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5 Comments
  1. Jesse permalink
    May 1, 2017 4:58 pm

    “You know what I’ve noticed? Nobody panics when things go ‘according to plan.’ Even if the plan is horrifying! If, tomorrow, I tell the press that, like, a gang banger will get shot, or a truckload of soldiers will be blown up, nobody panics, because it’s all ‘part of the plan’. But when I say that one little old mayor will die, well then everyone loses their minds!”

    couldn’t resist.

  2. Ralph James permalink
    May 1, 2017 9:47 pm

    Victim blaming is a purposeful tactic long practiced by the NYPD; not a mistake by un-knowledgeable cops. Murder? The NYPD loves nothing more than to quickly state that the victim had a prior arrest record; or was drinking or taking drugs. Almost as if murder is acceptable in these cases. The reason being is that murders, other crimes and people getting run over by motor vehicles makes the NYPD look bad. God forbid if people were to think an army of 35,000 cops, was not doing their job. That is the last thing that NY’s so-called finest want anyone to think. So the ability to quickly blame the victim means that ‘this one doesn’t really count’ in their statistics column.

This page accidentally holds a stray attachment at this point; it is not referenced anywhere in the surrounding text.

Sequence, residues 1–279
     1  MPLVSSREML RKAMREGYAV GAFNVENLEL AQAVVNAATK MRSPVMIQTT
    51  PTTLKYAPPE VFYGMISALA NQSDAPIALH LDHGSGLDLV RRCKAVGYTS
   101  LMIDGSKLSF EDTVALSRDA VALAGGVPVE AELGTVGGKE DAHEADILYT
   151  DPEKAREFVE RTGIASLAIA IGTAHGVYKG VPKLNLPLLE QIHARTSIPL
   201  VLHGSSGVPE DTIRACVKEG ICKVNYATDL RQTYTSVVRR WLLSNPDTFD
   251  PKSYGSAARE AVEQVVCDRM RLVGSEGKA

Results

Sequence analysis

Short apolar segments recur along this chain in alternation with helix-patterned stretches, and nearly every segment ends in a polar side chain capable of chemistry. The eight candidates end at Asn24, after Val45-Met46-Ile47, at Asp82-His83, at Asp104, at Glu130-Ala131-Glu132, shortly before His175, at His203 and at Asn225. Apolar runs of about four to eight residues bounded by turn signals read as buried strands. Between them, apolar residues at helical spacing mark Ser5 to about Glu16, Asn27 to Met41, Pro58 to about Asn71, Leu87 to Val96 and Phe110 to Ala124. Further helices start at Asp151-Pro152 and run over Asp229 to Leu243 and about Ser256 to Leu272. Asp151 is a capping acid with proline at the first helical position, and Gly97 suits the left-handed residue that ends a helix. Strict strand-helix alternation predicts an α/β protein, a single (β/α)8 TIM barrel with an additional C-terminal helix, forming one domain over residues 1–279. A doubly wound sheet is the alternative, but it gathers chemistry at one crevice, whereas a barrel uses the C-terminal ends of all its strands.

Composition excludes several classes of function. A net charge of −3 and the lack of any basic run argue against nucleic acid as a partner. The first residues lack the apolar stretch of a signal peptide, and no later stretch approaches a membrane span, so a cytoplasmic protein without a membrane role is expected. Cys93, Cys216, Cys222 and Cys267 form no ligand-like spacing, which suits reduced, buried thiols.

3. Kevin Love permalink
    May 2, 2017 3:16 pm

    “How do we change the framing so that people start to prioritize safety over order?”

    Frame it as an issue of child safety. That is what the Dutch did with “Stop de kindermoord.” It works. Very few of the haters are so sick that they will openly come out against child safety.

    Of course, the dirty little secret is that what keeps safe a child riding a bike will also keep safe an adult.

  4. matthiashess permalink
    May 4, 2017 12:26 pm

    This is a very helpful way of explaining something I’ve been wondering about. Thanks for giving it a name.